Unit Suitable For
AC: Year 8 (NSW Stage 4)
culture, family, identity, interracial
Critical and creative thinking, Ethical understanding, Information and communication technology, Intercultural understanding, Literacy, Personal and social
'This chapter explores how Australian writers and illustrators in the twenty-first century depict the act of mothering in picture books for young children in relation to cooking and serving food. It draws on the idea that children’s texts can be understood as sites of cultural production and reproduction, with social conventions and ideologies embedded in their narrative representations. The analysis is based on a survey of 124 books that were shortlisted for, or won, Children’s Book Council of Australia awards between 2001 and 2013. Of the eighty-seven titles that contain food and have human or anthropomorphised characters, twenty-six (30 percent) contain textual or illustrative references to maternal figures involved in food preparation or provision. Examination of this data set reveals that there is a strong correlation between non-Anglo-Australian maternal figures and home-cooked meals, and a clear link between Anglo-Australian mothers and sugar-rich snacks. The relative paucity of depictions of ethnically unmarked mothers offering more nutritious foods is notable given the cultural expectations of mothers as caretakers of their children’s well-being. At the same time, the linking of non-Anglo-Australian mothers with home-cooked meals can be seen as a means of signifying a cultural authenticity, a closeness to the earth that is differentiated from the normalised Australian culture represented in picture books. This suggests an unintended alignment of mothers preparing and serving meals with “otherness,” which creates a distancing effect between meals that may generally be considered nutritious and the normalised self. I contend there are unexamined, and perhaps unexpected, cultural assumptions about ethnicity, motherhood, and food embedded in contemporary Australian picture books. These have the potential to inscribe a system of beliefs about gender, cultural identity, and food that contributes to readers’ understanding of the world and themselves.'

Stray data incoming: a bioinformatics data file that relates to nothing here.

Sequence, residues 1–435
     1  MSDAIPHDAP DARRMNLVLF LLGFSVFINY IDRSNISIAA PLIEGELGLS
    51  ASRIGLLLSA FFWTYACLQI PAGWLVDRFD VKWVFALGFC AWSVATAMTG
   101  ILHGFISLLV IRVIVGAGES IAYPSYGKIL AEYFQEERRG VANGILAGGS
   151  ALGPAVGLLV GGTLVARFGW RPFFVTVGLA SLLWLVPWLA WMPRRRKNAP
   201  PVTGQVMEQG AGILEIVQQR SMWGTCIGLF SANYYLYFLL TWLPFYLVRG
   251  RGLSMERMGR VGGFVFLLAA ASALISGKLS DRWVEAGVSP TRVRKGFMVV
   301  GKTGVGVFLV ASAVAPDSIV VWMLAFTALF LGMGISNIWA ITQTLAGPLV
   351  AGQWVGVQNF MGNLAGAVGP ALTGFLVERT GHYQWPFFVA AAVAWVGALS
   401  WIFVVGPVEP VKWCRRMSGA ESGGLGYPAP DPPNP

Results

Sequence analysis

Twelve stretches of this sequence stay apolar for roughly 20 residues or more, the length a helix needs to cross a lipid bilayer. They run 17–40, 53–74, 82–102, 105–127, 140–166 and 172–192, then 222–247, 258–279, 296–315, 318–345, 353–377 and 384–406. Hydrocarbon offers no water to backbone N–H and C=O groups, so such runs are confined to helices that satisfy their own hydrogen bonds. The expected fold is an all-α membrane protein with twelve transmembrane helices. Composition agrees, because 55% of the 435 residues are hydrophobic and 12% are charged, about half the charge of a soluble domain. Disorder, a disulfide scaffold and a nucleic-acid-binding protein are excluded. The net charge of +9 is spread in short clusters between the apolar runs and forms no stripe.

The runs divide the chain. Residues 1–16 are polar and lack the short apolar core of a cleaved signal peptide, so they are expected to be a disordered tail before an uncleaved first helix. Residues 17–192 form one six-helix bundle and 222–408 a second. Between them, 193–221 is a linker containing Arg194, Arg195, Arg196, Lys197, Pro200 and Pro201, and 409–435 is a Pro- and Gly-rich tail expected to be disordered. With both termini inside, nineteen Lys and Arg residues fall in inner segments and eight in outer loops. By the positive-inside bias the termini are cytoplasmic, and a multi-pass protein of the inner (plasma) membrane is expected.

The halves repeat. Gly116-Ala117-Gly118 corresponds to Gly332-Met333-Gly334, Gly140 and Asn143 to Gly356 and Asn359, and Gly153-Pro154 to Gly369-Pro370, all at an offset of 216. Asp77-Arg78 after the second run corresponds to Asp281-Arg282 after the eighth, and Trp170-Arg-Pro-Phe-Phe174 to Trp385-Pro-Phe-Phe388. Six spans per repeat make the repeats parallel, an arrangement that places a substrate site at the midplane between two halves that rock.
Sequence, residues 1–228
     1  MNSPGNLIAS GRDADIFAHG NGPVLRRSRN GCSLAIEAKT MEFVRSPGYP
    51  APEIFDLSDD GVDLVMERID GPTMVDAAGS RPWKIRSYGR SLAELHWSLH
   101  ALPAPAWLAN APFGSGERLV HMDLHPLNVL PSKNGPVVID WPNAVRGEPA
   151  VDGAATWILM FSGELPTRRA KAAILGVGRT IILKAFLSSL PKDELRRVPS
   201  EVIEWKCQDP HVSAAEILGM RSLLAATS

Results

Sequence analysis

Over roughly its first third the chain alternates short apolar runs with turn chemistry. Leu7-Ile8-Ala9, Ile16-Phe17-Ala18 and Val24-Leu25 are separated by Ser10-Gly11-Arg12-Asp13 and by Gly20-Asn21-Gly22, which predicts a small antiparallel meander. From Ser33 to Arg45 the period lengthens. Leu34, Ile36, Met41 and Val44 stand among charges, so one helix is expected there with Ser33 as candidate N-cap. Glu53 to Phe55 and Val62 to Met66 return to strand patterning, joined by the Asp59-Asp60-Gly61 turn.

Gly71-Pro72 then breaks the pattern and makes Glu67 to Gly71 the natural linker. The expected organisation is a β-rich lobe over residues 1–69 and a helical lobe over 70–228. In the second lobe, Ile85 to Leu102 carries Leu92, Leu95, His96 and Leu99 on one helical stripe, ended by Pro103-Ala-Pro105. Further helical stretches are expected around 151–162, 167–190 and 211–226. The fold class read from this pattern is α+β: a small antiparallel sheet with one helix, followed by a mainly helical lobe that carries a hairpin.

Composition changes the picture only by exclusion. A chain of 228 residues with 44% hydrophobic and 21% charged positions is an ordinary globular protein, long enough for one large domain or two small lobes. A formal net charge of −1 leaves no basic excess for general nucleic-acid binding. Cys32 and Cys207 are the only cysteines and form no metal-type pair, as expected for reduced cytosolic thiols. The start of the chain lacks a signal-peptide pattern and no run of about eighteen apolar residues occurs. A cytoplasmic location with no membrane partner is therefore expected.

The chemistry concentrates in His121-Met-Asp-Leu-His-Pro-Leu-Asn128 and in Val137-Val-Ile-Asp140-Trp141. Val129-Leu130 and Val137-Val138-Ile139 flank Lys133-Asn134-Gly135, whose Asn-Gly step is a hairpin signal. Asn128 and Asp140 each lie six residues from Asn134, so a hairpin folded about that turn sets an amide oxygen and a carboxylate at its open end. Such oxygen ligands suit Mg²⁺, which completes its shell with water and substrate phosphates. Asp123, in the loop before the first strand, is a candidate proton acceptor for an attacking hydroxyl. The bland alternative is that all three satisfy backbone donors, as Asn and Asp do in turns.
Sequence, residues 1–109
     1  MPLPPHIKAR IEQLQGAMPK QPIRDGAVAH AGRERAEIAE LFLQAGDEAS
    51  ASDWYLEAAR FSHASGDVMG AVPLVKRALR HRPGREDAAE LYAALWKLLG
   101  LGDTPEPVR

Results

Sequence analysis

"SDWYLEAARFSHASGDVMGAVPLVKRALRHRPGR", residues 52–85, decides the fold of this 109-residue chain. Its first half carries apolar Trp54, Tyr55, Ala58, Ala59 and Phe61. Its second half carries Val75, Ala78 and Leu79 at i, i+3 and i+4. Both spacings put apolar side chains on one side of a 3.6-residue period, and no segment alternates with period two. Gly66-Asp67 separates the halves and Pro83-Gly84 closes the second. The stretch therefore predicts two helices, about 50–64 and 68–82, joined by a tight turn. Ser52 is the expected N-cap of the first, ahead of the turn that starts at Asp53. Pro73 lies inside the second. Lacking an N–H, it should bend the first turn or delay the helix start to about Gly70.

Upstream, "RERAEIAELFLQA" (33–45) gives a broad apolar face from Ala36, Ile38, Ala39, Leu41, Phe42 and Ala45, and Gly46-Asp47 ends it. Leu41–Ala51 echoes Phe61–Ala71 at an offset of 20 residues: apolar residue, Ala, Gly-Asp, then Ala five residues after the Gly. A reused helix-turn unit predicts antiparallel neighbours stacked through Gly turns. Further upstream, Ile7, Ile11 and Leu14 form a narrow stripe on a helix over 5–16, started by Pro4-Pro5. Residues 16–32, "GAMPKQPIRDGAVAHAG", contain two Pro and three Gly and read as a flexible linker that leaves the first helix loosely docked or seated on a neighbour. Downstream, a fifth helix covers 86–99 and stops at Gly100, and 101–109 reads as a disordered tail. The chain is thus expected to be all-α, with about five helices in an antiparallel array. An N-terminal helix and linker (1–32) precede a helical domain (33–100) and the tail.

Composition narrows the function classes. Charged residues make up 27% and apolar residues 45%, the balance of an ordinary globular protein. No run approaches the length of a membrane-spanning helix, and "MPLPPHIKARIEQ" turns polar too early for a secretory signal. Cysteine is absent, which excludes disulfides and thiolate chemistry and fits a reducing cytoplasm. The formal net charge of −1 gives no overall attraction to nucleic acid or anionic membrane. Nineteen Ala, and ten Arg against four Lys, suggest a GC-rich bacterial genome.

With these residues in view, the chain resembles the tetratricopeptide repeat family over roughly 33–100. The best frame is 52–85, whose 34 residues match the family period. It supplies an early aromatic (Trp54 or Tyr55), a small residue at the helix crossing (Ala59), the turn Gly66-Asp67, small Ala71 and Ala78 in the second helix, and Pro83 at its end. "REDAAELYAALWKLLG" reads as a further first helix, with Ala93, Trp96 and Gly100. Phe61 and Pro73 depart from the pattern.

'This paper shares findings from part of a larger project exploring students' interpretations of children's literature during independent reading time. Examined in this paper are interpretations by students in Grade 4 (aged 9-10 years) about the messages conveyed in the almost wordless picture book Mirror by author and artist Jeannie Baker. Mirror shares a multicultural perspective on life through its portrayal through collage of the lives of two families living in different countries. Data were collected as semi-structured interviews and observations recorded as field notes. Chambers' (1994) 'Tell Me' framework informed the question schedule of the semi-structured interviews, which were designed to promote opportunities for students to share their interpretations following independent reading time. Emerging themes from data analysis are considered through critical literacy lens (Janks, 2010). Further, implications for the use of almost wordless picture books in classroom reading experiences are identified in connection with the development of children's cultural awareness and sensitivity (Short, 2003).' (Publication abstract)
'When a full account of the rise and fall of the printed book is written, the year 2010 will be seen as a turning point. It had become clear to even a mildly interested observer that the book as physical object was under siege. To read long-text books and journal or news articles, many people were turning to tablets and e-books; even I had begun to read Dickens novels on an iPad. But the picture book was mounting a powerful defensive skirmish. Lane Smith’s It’s a Book! appeared in the US, with cartoon animals asking ‘Do you scroll down? Does it need a password? No, it’s a book!’, a reminder that, as Adam Gopnik wrote about it,’what books do depends on the totality of what they are’. In Australia, where picture books have for decades been both innovative and respected, books without words were among leaders of the charge. The Picture Book of the Year award in 2010 went to Gregory Rogers’ wordless The Hero of Little Street; three years earlier the winner had been Shaun Tan’s The Arrival, an album of 128 pages, with nary a word except for some signs in an invented language.'
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